Some won’t even touch your hand to take your money off you: Harm reduction strategies and experiences of stigma and discrimination within the lives of people who inject drugs

Stream: Stigma 2
Date: Thursday, 31 March 2016
Time: 3.30 pm – 4.45 pm


Introduction/Aims: This paper draws upon findings of a peer-based qualitative study conducted by the Australian Injecting and Illicit Drug Users League (AIVL) into the re-use of injecting equipment in Australia. Re-use of injecting equipment remains unacceptably high amongst people who inject drugs (PWID) in Australia contributing toward escalating Hepatitis C transmission. This peer-driven study aimed to explore from the perspective of people who inject drugs (PWID) the reasons for continued re-use of injecting equipment in Australia.

Methods/approach: A qualitative study based on the findings of eight focus groups with a total of 50 PWID participants held across Australia. A thematic analysis of the focus group data was conducted.

Results/Findings: Our research identified various intersecting contextual factors that act as barriers to harm reduction practices being taken up by PWID. Experiences of stigma and discrimination significantly impacted upon the ability for PWID incorporate harm reduction practices into their lives.

Discussion/Conclusion/Recommendations: The broader societal narrative of the criminalised, drug using ‘other’ continues to inform many of the practices within key settings that PWID encounter including health settings. The negotiation of the ‘drug user’ identity was revealed to have a significant impact upon the ability of injecting drug users to ‘take up’ the harm reduction opportunities available to them. Illicit drug use remains criminalised and injecting drug use engenders fear and social opprobrium. PWID are acutely aware of this ‘dis-ease’ and must negotiate this complex interplay of narratives and power structures often in settings where harm reduction is ostensibly to be prioritised.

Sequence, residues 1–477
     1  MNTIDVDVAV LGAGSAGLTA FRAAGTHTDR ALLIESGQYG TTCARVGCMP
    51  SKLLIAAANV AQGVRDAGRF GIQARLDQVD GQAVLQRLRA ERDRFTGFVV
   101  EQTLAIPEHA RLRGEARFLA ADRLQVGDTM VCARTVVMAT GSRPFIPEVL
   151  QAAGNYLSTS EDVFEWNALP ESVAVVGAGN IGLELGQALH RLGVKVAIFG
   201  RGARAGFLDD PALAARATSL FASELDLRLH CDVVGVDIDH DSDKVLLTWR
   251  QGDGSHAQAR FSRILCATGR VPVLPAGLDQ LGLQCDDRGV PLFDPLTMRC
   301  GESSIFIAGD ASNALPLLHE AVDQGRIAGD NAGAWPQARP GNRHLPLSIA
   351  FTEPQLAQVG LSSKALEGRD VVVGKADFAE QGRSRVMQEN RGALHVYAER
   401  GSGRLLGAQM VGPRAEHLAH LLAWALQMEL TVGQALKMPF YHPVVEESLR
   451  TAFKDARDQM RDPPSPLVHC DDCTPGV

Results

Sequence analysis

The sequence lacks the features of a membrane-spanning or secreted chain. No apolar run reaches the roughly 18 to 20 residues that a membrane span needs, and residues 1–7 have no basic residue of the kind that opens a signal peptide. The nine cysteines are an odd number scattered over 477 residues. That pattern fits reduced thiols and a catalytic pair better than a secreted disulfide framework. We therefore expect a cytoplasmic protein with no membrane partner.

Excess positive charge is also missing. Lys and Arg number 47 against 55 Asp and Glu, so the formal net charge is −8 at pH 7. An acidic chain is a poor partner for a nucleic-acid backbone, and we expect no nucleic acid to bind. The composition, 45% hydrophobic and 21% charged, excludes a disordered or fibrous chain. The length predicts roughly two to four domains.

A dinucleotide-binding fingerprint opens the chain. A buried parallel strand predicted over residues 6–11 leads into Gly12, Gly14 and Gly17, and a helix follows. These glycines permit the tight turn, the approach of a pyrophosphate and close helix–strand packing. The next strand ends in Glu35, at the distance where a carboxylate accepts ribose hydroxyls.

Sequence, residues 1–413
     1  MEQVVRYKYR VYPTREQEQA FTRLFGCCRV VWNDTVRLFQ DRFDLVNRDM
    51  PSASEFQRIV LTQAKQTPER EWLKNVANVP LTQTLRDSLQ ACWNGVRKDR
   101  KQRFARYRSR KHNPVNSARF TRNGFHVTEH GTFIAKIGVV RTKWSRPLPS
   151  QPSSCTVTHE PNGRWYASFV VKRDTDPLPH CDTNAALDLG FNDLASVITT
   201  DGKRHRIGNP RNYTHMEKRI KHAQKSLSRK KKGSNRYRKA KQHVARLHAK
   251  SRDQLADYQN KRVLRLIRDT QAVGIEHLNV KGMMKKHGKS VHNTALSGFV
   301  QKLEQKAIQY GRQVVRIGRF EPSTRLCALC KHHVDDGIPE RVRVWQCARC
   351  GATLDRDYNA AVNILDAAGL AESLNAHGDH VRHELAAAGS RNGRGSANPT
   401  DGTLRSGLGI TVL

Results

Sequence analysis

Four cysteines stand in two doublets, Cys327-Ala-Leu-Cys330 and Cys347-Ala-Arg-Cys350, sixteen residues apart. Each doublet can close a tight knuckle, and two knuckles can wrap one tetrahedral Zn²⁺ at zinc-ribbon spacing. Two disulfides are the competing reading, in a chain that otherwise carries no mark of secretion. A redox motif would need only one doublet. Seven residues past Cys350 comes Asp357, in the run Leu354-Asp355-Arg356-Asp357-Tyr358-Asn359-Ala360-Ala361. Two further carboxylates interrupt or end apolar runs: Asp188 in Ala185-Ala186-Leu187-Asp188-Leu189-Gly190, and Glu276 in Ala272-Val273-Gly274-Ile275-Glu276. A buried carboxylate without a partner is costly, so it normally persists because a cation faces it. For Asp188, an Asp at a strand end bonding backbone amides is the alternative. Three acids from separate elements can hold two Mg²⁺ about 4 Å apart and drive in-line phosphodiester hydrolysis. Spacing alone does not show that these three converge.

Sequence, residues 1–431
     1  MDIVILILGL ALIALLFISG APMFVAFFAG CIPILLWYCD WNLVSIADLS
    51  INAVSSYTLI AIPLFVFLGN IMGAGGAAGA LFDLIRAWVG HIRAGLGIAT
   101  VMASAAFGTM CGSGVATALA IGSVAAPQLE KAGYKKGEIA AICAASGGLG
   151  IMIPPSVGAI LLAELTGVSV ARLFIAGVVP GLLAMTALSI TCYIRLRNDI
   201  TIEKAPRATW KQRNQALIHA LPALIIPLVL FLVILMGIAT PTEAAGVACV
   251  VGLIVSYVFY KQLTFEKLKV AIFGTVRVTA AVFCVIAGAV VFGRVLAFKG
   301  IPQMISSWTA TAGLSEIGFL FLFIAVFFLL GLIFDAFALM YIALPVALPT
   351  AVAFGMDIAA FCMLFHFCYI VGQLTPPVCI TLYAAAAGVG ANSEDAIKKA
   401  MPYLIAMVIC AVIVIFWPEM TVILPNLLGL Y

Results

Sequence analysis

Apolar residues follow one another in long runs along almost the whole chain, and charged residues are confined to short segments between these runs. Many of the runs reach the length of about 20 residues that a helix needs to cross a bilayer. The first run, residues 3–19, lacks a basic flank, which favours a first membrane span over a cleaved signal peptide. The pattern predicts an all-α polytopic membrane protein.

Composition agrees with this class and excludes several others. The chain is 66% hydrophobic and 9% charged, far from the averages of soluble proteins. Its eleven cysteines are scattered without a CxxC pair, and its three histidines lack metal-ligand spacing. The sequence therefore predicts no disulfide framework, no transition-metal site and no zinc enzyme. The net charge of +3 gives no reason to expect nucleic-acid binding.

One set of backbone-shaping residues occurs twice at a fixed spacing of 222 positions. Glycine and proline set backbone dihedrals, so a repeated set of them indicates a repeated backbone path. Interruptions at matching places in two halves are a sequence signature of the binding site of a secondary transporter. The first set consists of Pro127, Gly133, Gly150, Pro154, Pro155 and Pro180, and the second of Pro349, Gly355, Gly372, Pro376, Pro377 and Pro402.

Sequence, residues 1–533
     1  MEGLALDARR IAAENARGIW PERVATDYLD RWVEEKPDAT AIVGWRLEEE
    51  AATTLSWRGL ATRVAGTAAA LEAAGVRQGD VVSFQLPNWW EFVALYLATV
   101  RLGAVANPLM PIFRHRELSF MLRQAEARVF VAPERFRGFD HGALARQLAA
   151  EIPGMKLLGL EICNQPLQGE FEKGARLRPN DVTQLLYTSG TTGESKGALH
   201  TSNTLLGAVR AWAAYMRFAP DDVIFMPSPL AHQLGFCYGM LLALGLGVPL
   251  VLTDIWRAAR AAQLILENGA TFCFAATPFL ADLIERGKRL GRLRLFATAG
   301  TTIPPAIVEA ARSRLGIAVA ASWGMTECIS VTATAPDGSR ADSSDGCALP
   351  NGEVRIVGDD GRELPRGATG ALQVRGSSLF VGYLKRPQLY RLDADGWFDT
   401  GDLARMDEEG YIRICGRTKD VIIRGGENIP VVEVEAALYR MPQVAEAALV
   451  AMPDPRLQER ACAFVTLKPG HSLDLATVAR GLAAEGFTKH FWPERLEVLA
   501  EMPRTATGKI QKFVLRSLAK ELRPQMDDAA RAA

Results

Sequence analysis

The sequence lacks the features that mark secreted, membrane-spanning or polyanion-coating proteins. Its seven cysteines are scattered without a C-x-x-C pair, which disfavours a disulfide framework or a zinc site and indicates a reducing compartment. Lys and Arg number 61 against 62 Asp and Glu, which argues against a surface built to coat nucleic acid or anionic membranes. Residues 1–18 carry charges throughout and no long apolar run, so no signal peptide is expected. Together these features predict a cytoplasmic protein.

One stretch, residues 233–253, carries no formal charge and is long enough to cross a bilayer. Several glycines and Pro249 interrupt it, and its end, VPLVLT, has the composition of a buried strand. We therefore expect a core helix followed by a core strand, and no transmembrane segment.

Angella Duvnjak (Presenter), AIVL
Dr Angella Duvnjak is currently Program Manager for the Hepatitis and other BBVs program at the Australian Injecting and Illicit Drug Users League (AIVL). She has been teaching, researching and publishing in the social sciences and public health over the past 15 years. Dr Duvnjak is also a qualified social worker with a background in women’s health including domestic violence, sexual assault and reproductive health. Her work with AIVL brings together this diverse skill and knowledge base toward the goal of improving the human rights of people who inject drugs and people living with Hepatitis C.